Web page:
This post originally appeared on EdNews Colorado.
I’ve been ruminating on the word super. A dictionary search reveals several definitions for the prefix: “above, beyond,” “to place or be placed above or over,” and “an individual or thing larger, more powerful or with wider application than others of its kind.”
Super conjures images of strength, power, magnitude, superiority, leadership and grandeur. Super Bowl. Superhero. Superstar. Superintendent.
Aurora Public Schools, the diverse school district where I work, is in the beginning stages of a national search for our next superintendent.
Last month I participated in one of a series of focus groups soliciting feedback on the qualities and characteristics our district needs and desires in its next leader. The facilitator took thorough notes, synthesizing and paraphrasing ideas generated by more than a dozen teachers and association members. Several other groups have been asked to give feedback, including community members, classified and licensed staff, school leaders and parents.
But one group of stakeholders hasn’t been asked for their input. The students.
When I inquired about a focus group for students, I received a quizzical look from the facilitator. The group grew quiet.
“Well, I suppose high schoolers might have something to contribute to the conversation?” one of my colleagues pondered.
This got me thinking. What would my students, mere sixth graders, find important qualities for our next superintendent?
I decided to find out.
On day one of a close reading of the short narrative, “Superpatriot” by Avi, I found a natural entry point.
We talked about the word super and what a superpatriot might be before reading the text. And then we talked about the next superinendent. I asked them to follow up by responding to a prompt on Edmodo (a site that hosts online communities for schools). The prompt: “Using what you know and think about the prefix super, what qualities do you think the next superintendent should embody? Why are these qualities important?”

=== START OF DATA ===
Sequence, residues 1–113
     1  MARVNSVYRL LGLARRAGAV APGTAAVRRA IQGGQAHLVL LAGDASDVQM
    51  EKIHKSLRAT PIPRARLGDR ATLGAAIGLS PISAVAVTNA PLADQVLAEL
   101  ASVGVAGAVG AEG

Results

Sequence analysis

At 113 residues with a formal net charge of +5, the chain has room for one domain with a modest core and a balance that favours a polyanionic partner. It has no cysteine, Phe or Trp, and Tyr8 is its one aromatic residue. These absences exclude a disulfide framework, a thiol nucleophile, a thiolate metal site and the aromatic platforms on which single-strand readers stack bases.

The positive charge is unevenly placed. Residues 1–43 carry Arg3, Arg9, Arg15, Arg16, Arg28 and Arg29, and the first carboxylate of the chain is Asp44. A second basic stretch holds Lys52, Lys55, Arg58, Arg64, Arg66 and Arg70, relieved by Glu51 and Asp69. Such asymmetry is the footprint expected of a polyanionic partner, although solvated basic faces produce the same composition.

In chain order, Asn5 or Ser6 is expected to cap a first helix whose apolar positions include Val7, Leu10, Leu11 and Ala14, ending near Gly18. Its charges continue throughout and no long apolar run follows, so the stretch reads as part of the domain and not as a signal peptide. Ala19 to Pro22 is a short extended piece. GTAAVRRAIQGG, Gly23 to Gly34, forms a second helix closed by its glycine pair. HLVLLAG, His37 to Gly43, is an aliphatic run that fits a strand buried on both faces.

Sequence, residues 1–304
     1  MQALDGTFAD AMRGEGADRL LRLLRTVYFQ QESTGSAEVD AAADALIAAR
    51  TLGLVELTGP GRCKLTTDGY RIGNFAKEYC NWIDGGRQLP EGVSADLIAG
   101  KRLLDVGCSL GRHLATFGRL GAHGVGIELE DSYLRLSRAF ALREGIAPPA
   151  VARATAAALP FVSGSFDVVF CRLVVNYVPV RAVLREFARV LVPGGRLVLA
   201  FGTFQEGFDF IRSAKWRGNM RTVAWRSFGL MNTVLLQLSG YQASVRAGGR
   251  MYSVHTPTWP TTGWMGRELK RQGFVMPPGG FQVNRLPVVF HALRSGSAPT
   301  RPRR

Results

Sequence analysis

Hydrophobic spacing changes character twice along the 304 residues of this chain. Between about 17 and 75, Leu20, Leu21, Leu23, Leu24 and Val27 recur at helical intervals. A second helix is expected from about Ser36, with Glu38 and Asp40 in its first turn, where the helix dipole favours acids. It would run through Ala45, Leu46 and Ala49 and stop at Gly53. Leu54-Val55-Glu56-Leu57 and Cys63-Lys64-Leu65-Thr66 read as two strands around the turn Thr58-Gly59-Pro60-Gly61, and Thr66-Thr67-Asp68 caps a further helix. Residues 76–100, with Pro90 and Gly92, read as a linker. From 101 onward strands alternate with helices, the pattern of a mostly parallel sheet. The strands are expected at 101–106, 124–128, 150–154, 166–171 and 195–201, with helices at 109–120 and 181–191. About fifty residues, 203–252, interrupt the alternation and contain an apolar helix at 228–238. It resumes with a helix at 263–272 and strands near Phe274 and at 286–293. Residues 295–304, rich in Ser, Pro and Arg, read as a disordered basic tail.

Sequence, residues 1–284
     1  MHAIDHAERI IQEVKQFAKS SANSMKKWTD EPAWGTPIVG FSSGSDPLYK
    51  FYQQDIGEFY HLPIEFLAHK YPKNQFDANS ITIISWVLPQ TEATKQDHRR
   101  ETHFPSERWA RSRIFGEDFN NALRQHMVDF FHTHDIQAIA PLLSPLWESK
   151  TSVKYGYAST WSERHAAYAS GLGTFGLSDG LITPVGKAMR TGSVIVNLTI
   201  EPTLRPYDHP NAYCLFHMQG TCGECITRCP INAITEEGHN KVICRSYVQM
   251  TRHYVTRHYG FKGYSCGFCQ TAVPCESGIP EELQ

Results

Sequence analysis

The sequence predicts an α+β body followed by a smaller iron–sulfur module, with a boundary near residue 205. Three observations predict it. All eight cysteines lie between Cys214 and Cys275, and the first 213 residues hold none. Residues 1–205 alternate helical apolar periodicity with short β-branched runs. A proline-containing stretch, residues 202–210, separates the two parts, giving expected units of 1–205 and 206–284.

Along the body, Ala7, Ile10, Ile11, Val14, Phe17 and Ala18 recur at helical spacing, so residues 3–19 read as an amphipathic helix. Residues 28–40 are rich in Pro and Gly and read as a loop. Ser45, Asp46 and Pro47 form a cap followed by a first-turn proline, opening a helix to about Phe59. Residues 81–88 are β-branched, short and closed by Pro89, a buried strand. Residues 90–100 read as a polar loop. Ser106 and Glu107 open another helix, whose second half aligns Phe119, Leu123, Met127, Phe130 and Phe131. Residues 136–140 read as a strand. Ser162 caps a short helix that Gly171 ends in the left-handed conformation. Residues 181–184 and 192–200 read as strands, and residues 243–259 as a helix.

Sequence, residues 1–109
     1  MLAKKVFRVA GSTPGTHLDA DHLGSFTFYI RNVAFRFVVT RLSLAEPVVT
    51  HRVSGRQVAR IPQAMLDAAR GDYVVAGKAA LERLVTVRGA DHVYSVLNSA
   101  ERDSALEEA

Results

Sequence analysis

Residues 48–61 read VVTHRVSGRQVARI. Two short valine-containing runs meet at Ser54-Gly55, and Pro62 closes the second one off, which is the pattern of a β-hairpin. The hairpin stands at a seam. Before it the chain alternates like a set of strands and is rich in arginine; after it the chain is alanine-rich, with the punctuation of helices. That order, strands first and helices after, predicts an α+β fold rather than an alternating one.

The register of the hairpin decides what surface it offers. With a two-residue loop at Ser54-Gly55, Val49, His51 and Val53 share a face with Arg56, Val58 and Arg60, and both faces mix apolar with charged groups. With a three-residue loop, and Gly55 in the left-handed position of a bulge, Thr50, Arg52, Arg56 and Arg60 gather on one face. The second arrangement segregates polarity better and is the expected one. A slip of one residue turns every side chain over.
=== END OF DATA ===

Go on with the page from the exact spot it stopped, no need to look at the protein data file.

Responses varied but several themes and patterns emerged. My sixth grade students want someone leading our school district who is fair, kind and smart. Someone who speaks more than one language and who understands a variety of cultures. Someone who likes and can relate to both kids and adults. Someone who is creative and commanding.
In their own words:
- “I think the new superintendent should be fair because being fair is important. For example, it would be fair if each teacher got the same equipment, and it wouldn’t be fair if he gave one teacher more equipment than the others.”
- “He/she should have respect for people and demonstrate kindness. A person who can help other people because a superintendent should be a helpful person. He/she takes care of everything and solves problems when there is something wrong.”
- “I think the new superintendent needs to be respectful and responsible because he/she needs to be taken seriously.”
- “I think that the superintendent should have a college degree (or two or three)! I also think the superintendent should put himself in the children’s place to see how kids would feel about new rules or ideas. I also think they should be smart with computers, after all it is 2013!”
- “I think that they should have experience and make sure they are comfortable with being around kids, young adults like us, and adults!”
- “The new superintendent of APS should know how to lead because he or she is going to be leading many adults and children. He or she should be respectful because he or she is going to be listening to multiple ideas.”
- “I would like our new superintendent to be creative, intelligent and commanding, so they know what they are doing and do it with joy and care. They should be able to speak more than one language and respect other cultures.”
Of course, the sixth graders’ comments reflect what they understand about the role. But many of their ideas were strikingly similar to the teacher focus group’s feedback. Teachers also seek a leader who is fair and kind. A leader who listens before acting. A leader who supports innovation and new ideas. A leader who understands and appreciates the strengths, challenges and diversity in the district. A leader who trusts teachers and students.
Our next superintendent will be charged with managing, leading and supporting a school district of more than 37,000 students in grades P-12 who represent more than 135 different countries and speak more than 115 languages.
A superb task.
As the search for the next superintendent continues, we can’t go wrong as long as we keep our superstudents at the center.